The 47 Ronin has been called Japan’s national epic, a dramatic legend based on real events at the beginning of the 18th century. These events almost immediately inspired both kabuki and bunraku plays, some of which are still performed today. In addition, the story of the 47 Ronin has been filmed many times, a testament to its popularity inside Japan and abroad. Most popular amongst the film adaptations are Kenji Mizoguchi’s wartime version, released in 1941, and this version: Toho director Hiroshi Inagaki’s 1962 release.
And, like Inagaki’s famous Musashi trilogy, it’s a big film. Clocking in at a little over three hours, it’s got a huge cast, elaborate period sets and costumes, and enough intrigue and melodrama for, well, an Inagaki film. I was surprised to find the tone of the film so similar to the Musashi films and Daredevil in the Castle: all three were built as solid cinematic entertainment and share a sense of spectacle as well as their historical context.
The story of this film concerns Lord Asano, the young daimyo of Ako, a small fiefdom in the countryside. He had been given orders (along with Lord Samai) to arrange a reception for envoys from the Emperor. In order to perform their duties correctly, both lords required tutelage in courtly etiquette from Lord Kira, a powerful official in the service of the Shogun. Lord Kira, however, is an amoral, corrupt character: he collects bribes from all those he has dealings with and becomes quite upset when Asano sends him a small gift, rather than the customary enormous bribe.
Kira then does all in his power to make Asano’s life difficult; he refuses to teach him, hides imperial orders from him, and takes every opportunity to insult Asano, in private and in public. Finally, Asano loses his cool and draws his sword, attacking Kira and mildly injuring him. This was an unforgiveable offense: Asano had drawn his sword in the Shogun’s residence and attacked a high-ranking official in his service. His punishment was harsh: he was ordered to commit hara-kiri, resulting in the confiscation of his lands, the ruination of his family and his samurai made ronin (masterless, and effectively no longer samurai).
Asano, rigid in his belief that bribery and corruption should not be tolerated, goes sadly to his death. His family and samurai are left completely adrift, their entire worlds turned upside-down by their lord’s actions. Eventually, those of the samurai that were absolutely loyal to their late lord band together in a plot to exact their revenge. Although they cannot restore Asano’s house to favour, they can finish the action he’d started and take revenge on Lord Kira. The plot, of course, is necessarily complicated: Kira is a wily and suspicious quarry, spying on Asano’s former samurai and hiring a large band of bodyguards to protect himself.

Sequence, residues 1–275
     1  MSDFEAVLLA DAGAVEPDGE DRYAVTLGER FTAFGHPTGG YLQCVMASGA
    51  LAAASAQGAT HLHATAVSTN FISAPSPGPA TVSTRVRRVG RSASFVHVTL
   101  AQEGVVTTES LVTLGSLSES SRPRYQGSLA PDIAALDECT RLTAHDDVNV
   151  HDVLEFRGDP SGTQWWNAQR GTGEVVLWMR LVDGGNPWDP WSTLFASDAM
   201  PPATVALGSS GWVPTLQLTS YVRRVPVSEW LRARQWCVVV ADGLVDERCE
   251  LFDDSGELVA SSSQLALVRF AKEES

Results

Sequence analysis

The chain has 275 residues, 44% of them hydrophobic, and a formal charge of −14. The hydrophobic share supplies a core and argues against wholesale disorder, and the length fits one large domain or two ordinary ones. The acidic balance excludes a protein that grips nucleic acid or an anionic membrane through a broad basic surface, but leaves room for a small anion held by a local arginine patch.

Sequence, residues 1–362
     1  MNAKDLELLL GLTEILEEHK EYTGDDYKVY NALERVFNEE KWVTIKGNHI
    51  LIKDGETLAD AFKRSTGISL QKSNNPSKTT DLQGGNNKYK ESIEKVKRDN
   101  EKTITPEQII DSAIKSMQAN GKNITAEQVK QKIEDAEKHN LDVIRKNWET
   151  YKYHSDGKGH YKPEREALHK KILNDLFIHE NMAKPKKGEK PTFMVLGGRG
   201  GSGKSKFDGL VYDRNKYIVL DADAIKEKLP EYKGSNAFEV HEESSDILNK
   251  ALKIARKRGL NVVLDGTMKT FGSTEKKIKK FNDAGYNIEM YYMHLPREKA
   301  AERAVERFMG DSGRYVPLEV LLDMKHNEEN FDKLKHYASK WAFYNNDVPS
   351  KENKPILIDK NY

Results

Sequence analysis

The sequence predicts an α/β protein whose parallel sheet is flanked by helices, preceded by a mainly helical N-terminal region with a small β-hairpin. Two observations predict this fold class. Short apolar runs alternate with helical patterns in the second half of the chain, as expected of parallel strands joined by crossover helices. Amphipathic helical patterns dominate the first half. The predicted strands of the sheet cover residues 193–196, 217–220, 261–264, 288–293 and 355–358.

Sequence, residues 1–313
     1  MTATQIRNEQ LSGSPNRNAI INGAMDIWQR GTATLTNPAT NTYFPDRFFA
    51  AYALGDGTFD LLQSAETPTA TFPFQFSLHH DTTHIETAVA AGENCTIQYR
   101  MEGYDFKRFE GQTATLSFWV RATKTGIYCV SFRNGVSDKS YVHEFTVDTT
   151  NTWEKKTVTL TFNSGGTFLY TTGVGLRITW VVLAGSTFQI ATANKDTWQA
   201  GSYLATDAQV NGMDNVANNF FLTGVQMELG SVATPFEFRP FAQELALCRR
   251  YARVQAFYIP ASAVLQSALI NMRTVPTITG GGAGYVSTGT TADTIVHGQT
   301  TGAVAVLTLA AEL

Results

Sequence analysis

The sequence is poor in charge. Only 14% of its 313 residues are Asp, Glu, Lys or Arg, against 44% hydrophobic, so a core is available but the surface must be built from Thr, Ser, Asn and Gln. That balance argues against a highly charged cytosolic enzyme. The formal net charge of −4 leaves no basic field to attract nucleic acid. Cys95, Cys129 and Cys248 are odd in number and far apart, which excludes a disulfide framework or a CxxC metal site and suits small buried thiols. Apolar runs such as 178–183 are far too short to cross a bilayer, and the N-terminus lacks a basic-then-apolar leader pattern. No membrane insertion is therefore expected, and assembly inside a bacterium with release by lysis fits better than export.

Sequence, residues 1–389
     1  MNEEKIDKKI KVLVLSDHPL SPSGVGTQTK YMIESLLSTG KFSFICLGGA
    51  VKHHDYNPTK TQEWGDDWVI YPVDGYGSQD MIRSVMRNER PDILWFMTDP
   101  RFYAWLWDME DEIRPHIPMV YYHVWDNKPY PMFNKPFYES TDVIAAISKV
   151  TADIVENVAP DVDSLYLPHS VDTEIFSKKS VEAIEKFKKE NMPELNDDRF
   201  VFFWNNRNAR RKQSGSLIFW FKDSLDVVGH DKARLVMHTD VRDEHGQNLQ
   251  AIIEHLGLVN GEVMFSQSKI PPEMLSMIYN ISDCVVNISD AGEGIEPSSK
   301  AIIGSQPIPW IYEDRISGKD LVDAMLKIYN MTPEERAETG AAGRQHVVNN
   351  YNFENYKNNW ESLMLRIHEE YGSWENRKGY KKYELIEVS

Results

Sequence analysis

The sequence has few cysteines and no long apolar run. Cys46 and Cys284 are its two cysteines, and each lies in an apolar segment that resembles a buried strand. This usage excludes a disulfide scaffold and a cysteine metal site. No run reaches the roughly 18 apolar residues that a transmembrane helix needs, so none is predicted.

The band of 60-odd samurai swear themselves to secrecy and hide out of sight amongst the populace, handing over the castle at Ako to its new masters and doing nothing to attract attention. Asano’s right hand man, Oishi, even goes to the trouble of divorcing his wife and spending all his money in brothels and bars, playing the part of a dissolute retainer with no intention of exacting revenge. Lord Kira gradually relaxes as no threat from Asano’s men materialises: they were saving that for the third act.
The 47 Ronin is astonishingly good for its time — all of the performances are excellent, if occasionally a bit on the melodramatic side. The latter is probably understandable given the subject matter: any act of revenge by the ronin would result in punishment by death, so almost all the principal characters are aware for most of the film that they’re unlikely to survive. There are small cameos by the great Takashi Shimura and Toshiro Mifune, but the majority of the film is carried by Koshiro Matsumoto, who plays Oishi, the leader of the Ronin. His character is a lot like Shimura’s in The Seven Samurai — he manages his band of men expertly, keeping them in line while patiently watching the big picture.
See The 47 Ronin for an excellent adaptation of one of Japan’s most famous stories, presented in glorious colour by a talented director. If you enjoyed Musashi, this is an excellent follow-up!